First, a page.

dns

Setting up a Pi Hole for whole-home ad/tracker blocking

Pi Hole - Admin DNS query request dashboard page in Safari

Pi Hole is a nifty open source project that allows you to offload the task of blocking advertisements and annoying (and often malicious) trackers to a Raspberry Pi. The installation is deceptively simple (a curl | bash affair), but I wanted to document how I set up mine headless (just plugging the Pi into power and the network).

Set up Raspbian Lite

I bought a Raspberry Pi model 2 B along with the official Raspberry Pi foundation Case. Then I bought a Samsung Evo+ 32GB microSD card (which comes with a full-size SD card adapter), and did the following steps on my MacBook Pro to set up the Pi's OS:

How to get your server's emails through Gmail's spam filter with Exim

There's one thing that most first-time server administrators have in common: they have to either learn a lot about how email and spam filters work, or they offload email delivery entirely to a third party.

The latter option is often the best option, since successful email delivery is a crazy complicated endeavor. I know, because I've worked on two separate medium-volume email delivery systems in the past (over 1,000,000 emails/month, to hundreds of thousands of recipients), and for both of them, I spent likely 1,000+ hours on email delivery problems.

But for many smaller sites, non-profits, and side projects, there's no budget for a reliable 3rd party email delivery service.

Recently, I was rebuilding a personal photo sharing website (just used for myself and my family and friends), and I decided to wipe the server clean and start over with an Ansible-based configuration that I could deploy locally and to any cloud environment. For email delivery, I decided to install Exim on top of a CentOS 7 minimal base image, and I used Drupal/PHP's mail functionality to pass messages to Exim.

Shuttering isthereamoduleforthat.com

I registered isthereamoduleforthat.com on 2010-08-19 for fun—but after three years, and little traffic (besides bots and the occasional Drupal user popping over from an old link), I'm shutting down the site, and will let my domain registration expire.

Is there a module for that dot com screenshot

If someone is interested in the domain, let me know how you'd use it in the comments below, and I'll consider transferring it to you instead of letting it expire and a squatter taking over.

Using FeedBurner? For the sake of control, enable MyBrand service

We use and recommend FeedBurner for RSS feed stats, podcasting, and the other helpful services it provides. However, one downside of redirecting your website's users to your FeedBurner feed is the fact that you have no control over FeedBurner's URL for your feed.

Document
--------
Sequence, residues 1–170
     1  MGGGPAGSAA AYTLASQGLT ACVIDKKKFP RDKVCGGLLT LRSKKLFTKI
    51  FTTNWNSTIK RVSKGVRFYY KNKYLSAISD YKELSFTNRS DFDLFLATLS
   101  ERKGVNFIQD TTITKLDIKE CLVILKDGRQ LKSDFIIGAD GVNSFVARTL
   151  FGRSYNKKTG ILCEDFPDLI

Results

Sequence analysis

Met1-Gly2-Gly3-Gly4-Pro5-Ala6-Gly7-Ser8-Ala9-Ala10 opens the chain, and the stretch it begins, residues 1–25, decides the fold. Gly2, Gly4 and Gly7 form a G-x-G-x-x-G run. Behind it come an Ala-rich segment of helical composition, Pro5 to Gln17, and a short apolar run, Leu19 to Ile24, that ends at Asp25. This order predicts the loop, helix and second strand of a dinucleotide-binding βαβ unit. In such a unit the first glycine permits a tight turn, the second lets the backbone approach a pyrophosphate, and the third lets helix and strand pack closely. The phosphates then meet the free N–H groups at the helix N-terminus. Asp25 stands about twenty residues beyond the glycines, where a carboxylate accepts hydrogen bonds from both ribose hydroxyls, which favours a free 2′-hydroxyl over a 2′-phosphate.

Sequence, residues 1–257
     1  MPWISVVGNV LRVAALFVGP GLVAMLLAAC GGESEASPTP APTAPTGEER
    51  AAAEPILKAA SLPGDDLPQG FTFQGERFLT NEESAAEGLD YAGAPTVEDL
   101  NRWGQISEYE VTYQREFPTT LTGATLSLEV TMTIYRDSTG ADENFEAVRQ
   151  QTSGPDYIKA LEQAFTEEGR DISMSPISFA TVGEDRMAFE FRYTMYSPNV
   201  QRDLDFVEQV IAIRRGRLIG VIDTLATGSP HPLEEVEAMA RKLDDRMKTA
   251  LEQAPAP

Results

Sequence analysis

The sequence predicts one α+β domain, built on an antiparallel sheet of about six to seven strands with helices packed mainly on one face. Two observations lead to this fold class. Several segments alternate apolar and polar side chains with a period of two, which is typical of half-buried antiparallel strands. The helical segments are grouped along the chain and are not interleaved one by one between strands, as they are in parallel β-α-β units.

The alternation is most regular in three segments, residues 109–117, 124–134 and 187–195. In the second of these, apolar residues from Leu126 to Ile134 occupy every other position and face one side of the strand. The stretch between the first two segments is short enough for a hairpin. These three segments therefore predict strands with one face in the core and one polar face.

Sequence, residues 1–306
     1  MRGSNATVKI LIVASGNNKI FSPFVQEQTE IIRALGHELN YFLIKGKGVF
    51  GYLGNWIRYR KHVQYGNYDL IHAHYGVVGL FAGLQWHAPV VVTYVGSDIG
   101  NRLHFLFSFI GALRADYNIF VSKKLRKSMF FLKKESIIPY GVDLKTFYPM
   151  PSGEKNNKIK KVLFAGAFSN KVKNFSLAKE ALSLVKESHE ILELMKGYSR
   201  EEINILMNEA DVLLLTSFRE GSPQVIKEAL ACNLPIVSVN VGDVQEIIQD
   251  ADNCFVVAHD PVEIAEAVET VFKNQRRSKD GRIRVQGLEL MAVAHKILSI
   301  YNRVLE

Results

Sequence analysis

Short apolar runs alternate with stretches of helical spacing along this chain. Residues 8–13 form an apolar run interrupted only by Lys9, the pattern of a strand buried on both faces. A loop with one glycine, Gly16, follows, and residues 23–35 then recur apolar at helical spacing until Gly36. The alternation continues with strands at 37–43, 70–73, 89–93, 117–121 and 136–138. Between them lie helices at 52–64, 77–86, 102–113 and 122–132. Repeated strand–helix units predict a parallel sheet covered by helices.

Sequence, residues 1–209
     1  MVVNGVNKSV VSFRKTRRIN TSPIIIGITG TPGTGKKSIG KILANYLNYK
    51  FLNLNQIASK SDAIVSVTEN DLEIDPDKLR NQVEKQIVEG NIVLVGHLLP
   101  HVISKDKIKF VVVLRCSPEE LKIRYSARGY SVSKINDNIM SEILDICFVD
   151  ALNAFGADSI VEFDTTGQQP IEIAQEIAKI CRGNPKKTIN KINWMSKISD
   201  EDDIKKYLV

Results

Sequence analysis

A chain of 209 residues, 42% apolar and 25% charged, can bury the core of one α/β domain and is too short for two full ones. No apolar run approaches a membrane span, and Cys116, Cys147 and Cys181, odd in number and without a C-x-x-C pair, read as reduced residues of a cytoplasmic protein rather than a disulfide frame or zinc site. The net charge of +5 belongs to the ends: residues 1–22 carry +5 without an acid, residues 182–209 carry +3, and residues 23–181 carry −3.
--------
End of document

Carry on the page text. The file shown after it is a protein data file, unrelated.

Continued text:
Say, for instance, you burned a feed at http://feeds.feedburner.com/midwesternmac. If, in a year or two, you need to change the shortcut, or you would like to switch back to your own feed, you can cancel your FeedBurner account, but FeedBurner will only give you 30 days during which they'll redirect their shortcut to your new feed address.

Unfortunately, a lot of people won't switch their feed reader to your new URL, and you'll be stuck with a bunch of subscribers who unwittingly abandoned your RSS feed. Additionally, any feed aggregation services like Catholic News Live won't be getting stories from your site anymore unless they manually update your URL, since there will be no redirect after 30 days.

Trouble sending emails from localhost or MAMP? Check your SPF

Email is hard. In fact, it's so hard that I probably have five or so blog posts half-written on this blog that I've abandoned simply because I don't think I could distill them down into something worthy of posting (I like being able to explain things understandably or not at all!).

I don't think there's anyone involved in administering a domain name and email who hasn't gotten burned by SPF (TXT) records at least once. Here's a good overview of how to build a proper SPF record for your domain. SPF records are used by many (if not most) ISPs these days to evaluate whether an email is coming from a particular domain or not.

Email providers like Google, Apple, Hotmail, etc. will evaluate every email they receive against your domain name's (example.com) SPF record, and if the email didn't originate from the IP address specified, or doesn't match up to any other SPF parameters, the email will be silently deleted. And this will cause you to pull your hair out.

Simple MAMP/MAMP Pro VirtualHosts in Parallels / Windows XP

(This tip should also work similarly with Vista, Windows 7, etc.).

After browsing around a bunch of different forums, the MAMP site, and Parallels documentation, I was still flummoxed by Parallels' weird Shared Host networking behavior, which seemingly didn't allow me to access virtualhosts I set up with MAMP for developing sites locally.

After much experimentation, I found that the simplest way to be able to type in 'local.example.com' (or 'dev.example.com', if that's your style) in Internet Explorer on Windows, and get a virtual host running via MAMP on my Mac, is to do the following:

Bad / Annoying IP Addresses

From time to time, there is a very disobedient/annoying computer or set of computers that annoy the heck out of me online—usually by attempting to bring down one of my websites, or by trying to access hundreds of vulnerable locations (which makes my server return a bunch of 404s) on my server.

For information on different IPs, I use the online IP information lookup tool at robtex.

Anywho, to cut a long story short, I will list the IP addresses and reverse DNS information for them on this page. Anybody that feels inclined to block these IP addresses should do so without a pang of conscience.

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